GROW. COOK. NOURISH. Summer Squash

Summer squash includes a variety of different squash like yellow squash, pattypan squash and probably the most well known and popular zucchini. Unlike winter squash that can be stored for longer periods of time and used throughout the colder months of winter, summer squash does not store well and needs to be ate or processed right away to avoid spoilage. Once mature summer squash will produce an abundance of fruit that grows very quickly. It grows so fast that in a matter of days the fruit can become very large and mealy in texture. When this happens, you can easily make things like zucchini chips or shred it and portion out into 1 cup serving size measurements to freeze for winter baking. Did you know that summer squash are technically considered fruits, though we treat them like vegetables?


Summer squash are frost tender annual plants that can grow from throughout spring until your first frost. Squashes have been around for more than 10,000 years, originating in Mexico and American tropics. The plants get quite large, with about 30 inches in height for a bush variety or taller with a vining variety. When it comes to square foot gardening or intensive planting, you will want to give these some room. Sow 2-3 seeds in a small mound, thinning to the healthiest single plant with 1 plant per 9 square feet for bush varieties and 1 per every 2 square feet for vining varieties. Make sure you have a tall trellis in place for vining squash varieties to climb up when you sow seeds. This ensures that their roots will not be disturbed if you were try to add a trellis when they are bigger, their roots are very sensitive. Squash are best directly sown because they really do not like their roots disturbed. If you do choose to sow seeds indoors, sow them in a paper pot, soil block to do the least disturbance of the roots. Direct sow seeds ½ – 1 inch deep about two weeks after last frost and when day and night temperatures are 50ºF. They take approximately 8 weeks from seed to flowering. Squash are considered heavy feeders, make sure you add plants of compost to your garden beds before sowing seeds, this also works as a mulch to retain moisture. Harvest the squash when they are young, just after their flower wilts for best flavor and texture. I grow my squash in another part of my garden, instead of the raised beds because of how much space they take up. You can definitely have them in your raised beds if you have the space they need. I prefer to use the space for other things, plus I have another garden area for things like these.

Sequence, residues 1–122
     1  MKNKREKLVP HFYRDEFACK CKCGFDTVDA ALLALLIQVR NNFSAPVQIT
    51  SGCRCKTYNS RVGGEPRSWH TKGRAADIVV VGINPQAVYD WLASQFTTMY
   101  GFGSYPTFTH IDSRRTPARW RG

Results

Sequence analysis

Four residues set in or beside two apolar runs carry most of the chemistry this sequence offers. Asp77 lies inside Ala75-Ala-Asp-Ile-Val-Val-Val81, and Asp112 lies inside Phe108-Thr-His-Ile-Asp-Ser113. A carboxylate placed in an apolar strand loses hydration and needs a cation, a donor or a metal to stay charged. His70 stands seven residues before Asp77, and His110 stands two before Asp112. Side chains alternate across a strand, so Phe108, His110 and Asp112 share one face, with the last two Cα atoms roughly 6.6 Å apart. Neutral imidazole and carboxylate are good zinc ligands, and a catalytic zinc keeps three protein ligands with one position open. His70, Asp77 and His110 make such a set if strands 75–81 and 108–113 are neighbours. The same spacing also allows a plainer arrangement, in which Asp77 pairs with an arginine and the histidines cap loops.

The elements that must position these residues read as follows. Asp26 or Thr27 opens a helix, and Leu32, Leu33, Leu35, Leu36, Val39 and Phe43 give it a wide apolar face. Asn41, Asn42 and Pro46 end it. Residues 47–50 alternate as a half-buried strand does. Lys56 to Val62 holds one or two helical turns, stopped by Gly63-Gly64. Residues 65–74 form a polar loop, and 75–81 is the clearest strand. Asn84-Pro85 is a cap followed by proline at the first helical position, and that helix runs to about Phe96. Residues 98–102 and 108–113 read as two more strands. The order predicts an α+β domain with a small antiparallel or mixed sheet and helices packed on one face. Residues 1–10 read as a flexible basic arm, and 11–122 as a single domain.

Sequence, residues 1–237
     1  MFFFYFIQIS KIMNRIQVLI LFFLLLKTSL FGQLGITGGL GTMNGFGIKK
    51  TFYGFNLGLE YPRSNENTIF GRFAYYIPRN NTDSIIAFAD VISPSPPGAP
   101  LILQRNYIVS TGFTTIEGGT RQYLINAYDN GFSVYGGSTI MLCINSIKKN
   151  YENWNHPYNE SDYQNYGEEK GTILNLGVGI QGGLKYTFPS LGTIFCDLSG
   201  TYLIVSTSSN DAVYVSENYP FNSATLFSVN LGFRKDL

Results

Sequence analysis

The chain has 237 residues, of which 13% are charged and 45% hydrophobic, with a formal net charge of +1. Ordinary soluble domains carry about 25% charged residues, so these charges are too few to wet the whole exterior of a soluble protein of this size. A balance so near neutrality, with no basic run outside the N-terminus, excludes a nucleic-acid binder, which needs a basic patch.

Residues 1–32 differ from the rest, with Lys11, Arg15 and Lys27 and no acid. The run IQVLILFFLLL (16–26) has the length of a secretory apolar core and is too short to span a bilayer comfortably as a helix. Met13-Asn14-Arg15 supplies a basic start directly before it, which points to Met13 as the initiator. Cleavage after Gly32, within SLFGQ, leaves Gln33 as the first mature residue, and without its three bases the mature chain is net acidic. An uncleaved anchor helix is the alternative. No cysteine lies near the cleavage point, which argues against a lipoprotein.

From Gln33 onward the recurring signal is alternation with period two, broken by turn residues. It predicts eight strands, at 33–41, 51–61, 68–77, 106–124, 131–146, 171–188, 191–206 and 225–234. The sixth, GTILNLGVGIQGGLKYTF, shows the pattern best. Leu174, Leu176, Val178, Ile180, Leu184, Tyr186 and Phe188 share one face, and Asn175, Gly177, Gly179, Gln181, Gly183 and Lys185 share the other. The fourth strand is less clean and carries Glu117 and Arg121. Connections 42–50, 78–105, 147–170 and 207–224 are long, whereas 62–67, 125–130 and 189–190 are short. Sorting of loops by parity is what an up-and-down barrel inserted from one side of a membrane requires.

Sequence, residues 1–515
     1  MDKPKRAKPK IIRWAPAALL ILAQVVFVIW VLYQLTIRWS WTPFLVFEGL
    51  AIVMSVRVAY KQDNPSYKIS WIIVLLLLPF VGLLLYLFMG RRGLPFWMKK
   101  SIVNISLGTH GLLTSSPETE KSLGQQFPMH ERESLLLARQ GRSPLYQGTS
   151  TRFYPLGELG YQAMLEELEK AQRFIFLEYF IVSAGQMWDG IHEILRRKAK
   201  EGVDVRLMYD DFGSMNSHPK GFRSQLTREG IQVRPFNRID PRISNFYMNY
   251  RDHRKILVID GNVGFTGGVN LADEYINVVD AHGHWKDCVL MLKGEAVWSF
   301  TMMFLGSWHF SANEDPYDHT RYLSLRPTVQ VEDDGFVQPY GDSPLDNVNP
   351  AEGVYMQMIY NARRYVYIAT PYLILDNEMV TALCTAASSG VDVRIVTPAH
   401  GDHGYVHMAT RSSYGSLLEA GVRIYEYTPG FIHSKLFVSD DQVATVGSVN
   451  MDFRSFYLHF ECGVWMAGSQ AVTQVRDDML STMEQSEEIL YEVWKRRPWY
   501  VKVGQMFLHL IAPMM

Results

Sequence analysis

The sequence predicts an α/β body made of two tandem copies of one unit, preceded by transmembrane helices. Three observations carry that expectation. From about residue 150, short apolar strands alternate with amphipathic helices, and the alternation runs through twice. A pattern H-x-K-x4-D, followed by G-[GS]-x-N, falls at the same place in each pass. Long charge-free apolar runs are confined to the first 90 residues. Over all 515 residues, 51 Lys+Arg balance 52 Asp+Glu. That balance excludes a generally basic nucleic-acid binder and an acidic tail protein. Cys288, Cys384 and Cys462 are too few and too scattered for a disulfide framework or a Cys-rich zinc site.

*Avoid overhead watering to help stave off powdery mildew.